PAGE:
According to the official figures from the RoS (Registers of Scotland, the prices of Scotland properties increased slightly towards the end of 2010, despite the uncertain economic climate and a reduction in the number of sales.
Looking at the figures representing the last quarter of 2010, the average price of a property rose and is now £155,618 – an increase of 1.7% compared to the same period in 2009.
Beating Edinburgh, East Dunbartonshire saw increases of around 10.5% to have the highest prices in the country. However, Shetland outshone those figures as its house prices increase by over 20%.
Like many areas in the UK, the Scotland market did see a reduction as sales decreased by approximately 7% although experts predict the market is likely to stabilise this year.
The https://www.beaconfinancialtraining.co.uk/wp-content/uploads/2020/06/cemap-online-and-classroom-training-uk.jpgeting Head for GSPC, https://www.beaconfinancialtraining.co.uk/wp-content/uploads/2020/06/cemap-online-and-classroom-training-uk.jpg Hordern, commented in an article for the Express:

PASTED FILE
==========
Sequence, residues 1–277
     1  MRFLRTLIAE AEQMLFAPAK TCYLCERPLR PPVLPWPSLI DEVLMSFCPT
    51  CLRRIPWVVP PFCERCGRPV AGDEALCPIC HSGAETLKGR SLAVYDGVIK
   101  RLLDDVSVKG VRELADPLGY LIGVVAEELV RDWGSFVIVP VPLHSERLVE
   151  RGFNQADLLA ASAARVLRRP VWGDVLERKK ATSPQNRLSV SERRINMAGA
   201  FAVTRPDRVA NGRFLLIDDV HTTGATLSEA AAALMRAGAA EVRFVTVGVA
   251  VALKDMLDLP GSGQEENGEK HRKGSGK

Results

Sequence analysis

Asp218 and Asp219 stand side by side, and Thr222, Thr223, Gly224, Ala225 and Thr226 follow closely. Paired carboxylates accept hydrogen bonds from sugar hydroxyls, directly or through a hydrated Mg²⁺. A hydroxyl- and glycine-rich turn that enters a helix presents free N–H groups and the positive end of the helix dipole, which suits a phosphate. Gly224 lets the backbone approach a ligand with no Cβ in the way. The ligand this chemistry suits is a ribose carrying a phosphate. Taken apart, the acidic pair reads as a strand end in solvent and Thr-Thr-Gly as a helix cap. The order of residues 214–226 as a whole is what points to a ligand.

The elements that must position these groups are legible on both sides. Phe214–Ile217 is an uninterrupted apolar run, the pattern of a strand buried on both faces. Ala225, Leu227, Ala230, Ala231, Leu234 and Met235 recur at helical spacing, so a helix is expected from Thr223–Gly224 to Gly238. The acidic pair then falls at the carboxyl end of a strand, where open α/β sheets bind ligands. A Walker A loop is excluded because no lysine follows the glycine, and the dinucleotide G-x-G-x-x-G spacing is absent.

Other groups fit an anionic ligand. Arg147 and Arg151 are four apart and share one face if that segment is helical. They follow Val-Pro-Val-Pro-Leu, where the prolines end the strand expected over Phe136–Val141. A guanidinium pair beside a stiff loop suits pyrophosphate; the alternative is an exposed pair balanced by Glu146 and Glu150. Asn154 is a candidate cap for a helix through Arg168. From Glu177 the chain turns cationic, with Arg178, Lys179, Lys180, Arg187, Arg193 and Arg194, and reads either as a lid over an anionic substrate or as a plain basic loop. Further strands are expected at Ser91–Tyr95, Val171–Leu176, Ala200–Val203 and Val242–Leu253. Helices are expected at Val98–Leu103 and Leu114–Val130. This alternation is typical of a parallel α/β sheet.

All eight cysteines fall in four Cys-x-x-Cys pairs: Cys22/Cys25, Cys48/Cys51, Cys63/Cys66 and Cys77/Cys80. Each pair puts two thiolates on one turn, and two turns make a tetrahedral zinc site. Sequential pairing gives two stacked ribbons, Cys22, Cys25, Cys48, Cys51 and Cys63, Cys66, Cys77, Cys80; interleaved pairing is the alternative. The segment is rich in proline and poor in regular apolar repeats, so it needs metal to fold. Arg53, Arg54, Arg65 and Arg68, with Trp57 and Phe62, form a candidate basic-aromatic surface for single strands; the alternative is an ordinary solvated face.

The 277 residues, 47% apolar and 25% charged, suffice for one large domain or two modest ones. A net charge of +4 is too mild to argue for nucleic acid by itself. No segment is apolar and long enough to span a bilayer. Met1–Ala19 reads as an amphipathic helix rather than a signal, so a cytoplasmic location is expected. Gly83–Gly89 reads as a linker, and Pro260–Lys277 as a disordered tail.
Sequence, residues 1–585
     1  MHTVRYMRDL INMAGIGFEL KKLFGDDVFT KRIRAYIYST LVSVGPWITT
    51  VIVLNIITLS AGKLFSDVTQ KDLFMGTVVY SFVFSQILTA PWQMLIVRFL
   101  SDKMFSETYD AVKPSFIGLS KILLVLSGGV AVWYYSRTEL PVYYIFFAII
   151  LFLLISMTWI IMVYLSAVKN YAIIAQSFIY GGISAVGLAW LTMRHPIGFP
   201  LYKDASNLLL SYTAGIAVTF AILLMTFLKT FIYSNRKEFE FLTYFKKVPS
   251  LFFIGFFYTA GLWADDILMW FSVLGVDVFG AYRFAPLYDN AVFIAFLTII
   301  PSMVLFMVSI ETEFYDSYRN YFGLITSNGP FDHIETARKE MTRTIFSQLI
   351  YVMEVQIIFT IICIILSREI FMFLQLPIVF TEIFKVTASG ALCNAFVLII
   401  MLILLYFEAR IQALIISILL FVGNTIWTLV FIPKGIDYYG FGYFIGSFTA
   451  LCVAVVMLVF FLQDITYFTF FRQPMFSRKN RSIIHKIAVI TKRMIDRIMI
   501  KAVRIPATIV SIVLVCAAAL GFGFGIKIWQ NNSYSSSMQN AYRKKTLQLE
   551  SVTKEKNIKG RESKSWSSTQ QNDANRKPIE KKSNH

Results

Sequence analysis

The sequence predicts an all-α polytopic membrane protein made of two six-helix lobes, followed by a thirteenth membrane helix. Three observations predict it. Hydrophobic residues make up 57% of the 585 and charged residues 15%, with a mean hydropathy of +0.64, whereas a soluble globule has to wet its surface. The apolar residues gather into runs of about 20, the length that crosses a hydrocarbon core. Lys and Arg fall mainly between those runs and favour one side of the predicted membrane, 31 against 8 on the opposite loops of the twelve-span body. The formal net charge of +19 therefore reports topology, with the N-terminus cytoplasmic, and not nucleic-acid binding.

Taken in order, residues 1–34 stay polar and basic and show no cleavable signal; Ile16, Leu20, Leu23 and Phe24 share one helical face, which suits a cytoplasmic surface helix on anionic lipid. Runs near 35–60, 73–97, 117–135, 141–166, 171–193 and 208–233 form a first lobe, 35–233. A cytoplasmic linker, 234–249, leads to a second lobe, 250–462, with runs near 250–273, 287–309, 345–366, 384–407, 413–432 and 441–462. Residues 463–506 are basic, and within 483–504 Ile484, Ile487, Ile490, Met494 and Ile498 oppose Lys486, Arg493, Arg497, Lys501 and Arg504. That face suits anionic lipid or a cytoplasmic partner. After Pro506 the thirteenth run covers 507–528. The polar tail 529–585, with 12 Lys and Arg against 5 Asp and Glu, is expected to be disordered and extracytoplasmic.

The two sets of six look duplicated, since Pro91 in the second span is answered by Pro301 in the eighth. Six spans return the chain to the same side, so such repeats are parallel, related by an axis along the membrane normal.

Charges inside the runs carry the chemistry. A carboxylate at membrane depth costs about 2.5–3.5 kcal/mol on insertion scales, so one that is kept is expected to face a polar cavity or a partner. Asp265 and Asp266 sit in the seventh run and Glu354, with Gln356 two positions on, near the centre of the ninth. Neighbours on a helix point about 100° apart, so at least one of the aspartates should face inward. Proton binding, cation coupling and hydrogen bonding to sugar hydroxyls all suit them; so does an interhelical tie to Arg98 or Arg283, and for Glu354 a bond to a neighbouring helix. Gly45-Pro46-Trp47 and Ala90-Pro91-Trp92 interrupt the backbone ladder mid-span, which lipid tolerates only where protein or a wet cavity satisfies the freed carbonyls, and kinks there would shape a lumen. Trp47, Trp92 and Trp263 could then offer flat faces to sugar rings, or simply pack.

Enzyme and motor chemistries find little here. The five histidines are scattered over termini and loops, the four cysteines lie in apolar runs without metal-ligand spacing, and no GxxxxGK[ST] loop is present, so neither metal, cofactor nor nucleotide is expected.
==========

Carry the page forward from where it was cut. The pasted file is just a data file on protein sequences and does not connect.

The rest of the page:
“East Dunbartonshire has a high concentration of desirable properties and locations, notably Bearsden and Milngavie.
“Edinburgh, of course, has lots of equally prestigious areas, but it also has more deprived areas reflected in its overall figure.”
The figures from the RoS include any and all residential purchases/sales once a transaction has completed whether a mortgage was involved or not. However, this does mean there is a delay from offer to completion and so these figures may actually more accurately reflect the offers made last summer.
For those seeking to work as a mortgage advisor in Scotland, they need CeMAP training as with elsewhere in the UK. However, the law regarding property sales in Scotland is slightly different to that of England and Wales so it’s usually advised to complete the CeMAP training in Scotland or at least with a financial training provider whose CeMAP courses reflect the differences in the law.